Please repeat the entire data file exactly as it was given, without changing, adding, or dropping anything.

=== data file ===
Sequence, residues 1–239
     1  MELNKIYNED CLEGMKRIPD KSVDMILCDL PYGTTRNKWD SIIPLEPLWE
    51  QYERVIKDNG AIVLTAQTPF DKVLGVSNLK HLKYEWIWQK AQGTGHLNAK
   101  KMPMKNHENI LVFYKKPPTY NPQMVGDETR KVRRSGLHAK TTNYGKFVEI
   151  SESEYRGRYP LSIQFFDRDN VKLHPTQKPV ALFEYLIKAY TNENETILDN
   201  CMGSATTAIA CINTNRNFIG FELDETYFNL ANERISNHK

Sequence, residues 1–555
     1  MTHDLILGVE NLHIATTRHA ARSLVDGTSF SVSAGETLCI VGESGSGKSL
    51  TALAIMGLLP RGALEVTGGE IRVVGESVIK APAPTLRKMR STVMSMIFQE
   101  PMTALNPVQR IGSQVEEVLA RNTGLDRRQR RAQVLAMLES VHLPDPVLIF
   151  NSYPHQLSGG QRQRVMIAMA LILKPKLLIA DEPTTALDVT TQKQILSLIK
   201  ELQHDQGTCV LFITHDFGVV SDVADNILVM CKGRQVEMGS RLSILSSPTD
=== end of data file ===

Sequence, residues 1–239
     1  MELNKIYNED CLEGMKRIPD KSVDMILCDL PYGTTRNKWD SIIPLEPLWE
    51  QYERVIKDNG AIVLTAQTPF DKVLGVSNLK HLKYEWIWQK AQGTGHLNAK
   101  KMPMKNHENI LVFYKKPPTY NPQMVGDETR KVRRSGLHAK TTNYGKFVEI
   151  SESEYRGRYP LSIQFFDRDN VKLHPTQKPV ALFEYLIKAY TNENETILDN
   201  CMGSATTAIA CINTNRNFIG FELDETYFNL ANERISNHK

Sequence, residues 1–555
     1  MTHDLILGVE NLHIATTRHA ARSLVDGTSF SVSAGETLCI VGESGSGKSL
    51  TALAIMGLLP RGALEVTGGE IRVVGESVIK APAPTLRKMR STVMSMIFQE
   101  PMTALNPVQR IGSQVEEVLA RNTGLDRRQR RAQVLAMLES VHLPDPVLIF
   151  NSYPHQLSGG QRQRVMIAMA LILKPKLLIA DEPTTALDVT TQKQILSLIK
   201  ELQHDQGTCV LFITHDFGVV SDVADNILVM CKGRQVEMGS RLSILSSPTD